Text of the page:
Mr. Boucher poured in tens of millions in pork for the 2010 election, but he lost by 9,000 votes anyway. Local Tea Party and other patriots worked together to defeat Mr. Boucher, along with a slew of outside ads. Mr. Boucher's extreme money advantage was nullified. This was the biggest news story for 2010.
- Original Sin
- End Times
- Martin Luther
- New Age
Note that minimum wage in 1970 was $1.60 adjusted for inflation is $10.46 in 2018. That is what I call adjusted minimum wage. Assuming one even gets 40 per week that's for 52 weeks that equals $21,756. Per capita income in Bristol Virginia 2018 is $21,589. It is similar to this across the whole region.
Third world? Some have called us the China of America minus jobs.
Just a few of hundreds of plant closings see Smyth County the China of America loses jobs.
Update September 3, 2019. Based on data from Dr. Steb Hipple economist at East Tennessee State University (retired), his data goes to the 3rd. quarter of 2016. The level of job losses is Tri-Cities is staggering, worse than what even I thought.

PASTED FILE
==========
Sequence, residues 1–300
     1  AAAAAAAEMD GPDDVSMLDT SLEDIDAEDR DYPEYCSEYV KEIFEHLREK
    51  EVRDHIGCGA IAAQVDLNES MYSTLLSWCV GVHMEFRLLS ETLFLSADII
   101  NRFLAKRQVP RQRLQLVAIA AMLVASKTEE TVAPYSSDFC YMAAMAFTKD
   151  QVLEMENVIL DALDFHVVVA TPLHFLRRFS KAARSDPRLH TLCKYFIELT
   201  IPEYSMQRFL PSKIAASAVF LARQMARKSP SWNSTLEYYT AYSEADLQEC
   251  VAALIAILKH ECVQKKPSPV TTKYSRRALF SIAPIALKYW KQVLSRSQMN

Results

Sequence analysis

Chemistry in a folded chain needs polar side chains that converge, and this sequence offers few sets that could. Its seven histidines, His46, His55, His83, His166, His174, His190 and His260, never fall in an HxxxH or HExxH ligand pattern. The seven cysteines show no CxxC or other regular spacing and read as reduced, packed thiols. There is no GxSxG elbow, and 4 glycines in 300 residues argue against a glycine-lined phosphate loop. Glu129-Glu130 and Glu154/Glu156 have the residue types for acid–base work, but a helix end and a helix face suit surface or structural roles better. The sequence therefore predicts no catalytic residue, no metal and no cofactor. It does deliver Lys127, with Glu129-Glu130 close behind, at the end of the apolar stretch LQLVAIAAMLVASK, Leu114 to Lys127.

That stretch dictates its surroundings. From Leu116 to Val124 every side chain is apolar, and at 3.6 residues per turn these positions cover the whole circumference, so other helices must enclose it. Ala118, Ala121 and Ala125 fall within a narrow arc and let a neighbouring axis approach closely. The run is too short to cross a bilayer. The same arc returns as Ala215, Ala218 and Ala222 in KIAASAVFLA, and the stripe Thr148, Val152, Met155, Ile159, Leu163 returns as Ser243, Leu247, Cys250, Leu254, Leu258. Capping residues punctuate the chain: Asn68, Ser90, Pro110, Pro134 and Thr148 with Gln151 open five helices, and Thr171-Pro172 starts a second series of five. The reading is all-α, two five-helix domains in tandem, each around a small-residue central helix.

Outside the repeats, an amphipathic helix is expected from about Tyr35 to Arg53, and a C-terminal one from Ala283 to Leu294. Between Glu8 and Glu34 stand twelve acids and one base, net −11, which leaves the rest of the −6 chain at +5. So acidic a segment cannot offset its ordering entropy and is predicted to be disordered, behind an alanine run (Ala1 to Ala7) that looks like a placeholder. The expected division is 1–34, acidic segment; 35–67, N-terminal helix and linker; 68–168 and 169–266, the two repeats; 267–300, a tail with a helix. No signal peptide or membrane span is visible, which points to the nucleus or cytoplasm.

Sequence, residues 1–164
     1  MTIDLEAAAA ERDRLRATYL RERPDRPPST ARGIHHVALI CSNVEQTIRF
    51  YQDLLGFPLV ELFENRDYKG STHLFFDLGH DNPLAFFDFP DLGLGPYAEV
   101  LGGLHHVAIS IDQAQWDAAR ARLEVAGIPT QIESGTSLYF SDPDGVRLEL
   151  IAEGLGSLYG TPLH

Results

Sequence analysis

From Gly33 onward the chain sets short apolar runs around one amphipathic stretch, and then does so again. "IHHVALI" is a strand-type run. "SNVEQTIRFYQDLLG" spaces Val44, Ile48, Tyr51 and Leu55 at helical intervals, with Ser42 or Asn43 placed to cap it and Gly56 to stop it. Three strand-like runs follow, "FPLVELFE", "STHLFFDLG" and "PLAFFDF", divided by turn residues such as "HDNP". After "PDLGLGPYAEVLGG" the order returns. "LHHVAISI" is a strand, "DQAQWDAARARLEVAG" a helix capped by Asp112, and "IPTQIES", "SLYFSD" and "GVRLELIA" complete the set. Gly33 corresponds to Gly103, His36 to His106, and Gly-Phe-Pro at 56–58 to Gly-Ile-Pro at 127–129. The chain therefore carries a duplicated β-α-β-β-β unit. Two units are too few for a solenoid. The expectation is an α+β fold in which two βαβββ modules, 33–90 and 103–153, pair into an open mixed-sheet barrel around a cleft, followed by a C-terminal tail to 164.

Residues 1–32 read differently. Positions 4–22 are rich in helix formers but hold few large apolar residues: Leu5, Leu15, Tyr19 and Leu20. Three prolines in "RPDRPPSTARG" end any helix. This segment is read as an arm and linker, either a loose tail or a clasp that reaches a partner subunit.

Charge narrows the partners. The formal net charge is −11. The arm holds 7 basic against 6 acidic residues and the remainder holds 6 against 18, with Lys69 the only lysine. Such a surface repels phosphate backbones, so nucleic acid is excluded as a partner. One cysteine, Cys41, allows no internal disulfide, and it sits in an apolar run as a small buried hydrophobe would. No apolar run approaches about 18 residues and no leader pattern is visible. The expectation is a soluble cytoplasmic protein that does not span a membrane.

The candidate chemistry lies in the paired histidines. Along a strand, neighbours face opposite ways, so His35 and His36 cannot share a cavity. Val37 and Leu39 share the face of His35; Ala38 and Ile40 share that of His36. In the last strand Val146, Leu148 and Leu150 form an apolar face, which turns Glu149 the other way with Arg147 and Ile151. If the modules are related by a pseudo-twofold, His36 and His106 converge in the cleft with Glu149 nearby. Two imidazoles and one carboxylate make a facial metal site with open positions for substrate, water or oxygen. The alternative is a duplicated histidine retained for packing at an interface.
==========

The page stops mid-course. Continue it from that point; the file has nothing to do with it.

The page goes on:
(The Tri-Cities Consolidated Statistical Area is composed of the Kingsport/Bristol MSA and the Johnson City MSA.).
The Bristol TN-VA, Kingsport, and Johnson City Urbanized Area Labor Market lost thousands of jobs shrinking the labor force that shrank the unemployment rates. The above table shows a decline of labor force by almost 18,000. But it gets worse.
Includes: Johnson City, TN, Carter County, Unicoi County, Washington County.
All workers BLS:
2016 78,140 workers, Median hourly wage $14.47, Annual $40,140
2018 77,020 workers, Median hourly wage $15.38, Annual $42,740
Labor force fell 1120 jobs in 2 years.
Kingsport-Bristol-Bristol, TN-VA MSA includes: Bristol city, VA, Hawkins County, TN, Scott County, VA, Sullivan County, TN, Washington County, VA.
All workers BLS:
2016: 118,470, Median hourly wage $15.27, Annual $41,050
2018: 116,150, Median hourly wage $16.50, Annual $43,480
Labor force fell 2,320 in in 2 years.
That's not the worst of it still. For Tri-Cities the total labor force is 193,170. The labor force shrank by 3,440 jobs in 2 years - during a so-called boom. In 2009 the labor force was 247,965, minus 193,170 equals a staggering loss of 54,795 less people are working in 2019 than in 2009!.
I can't believe this myself. Anyone working here knows it is bad. That could be explained by high poverty and disability rates, and large numbers of retirees leaving the labor force. I don't know because a lot of data is hidden from the public. But makes sense when we look at the national labor force declines.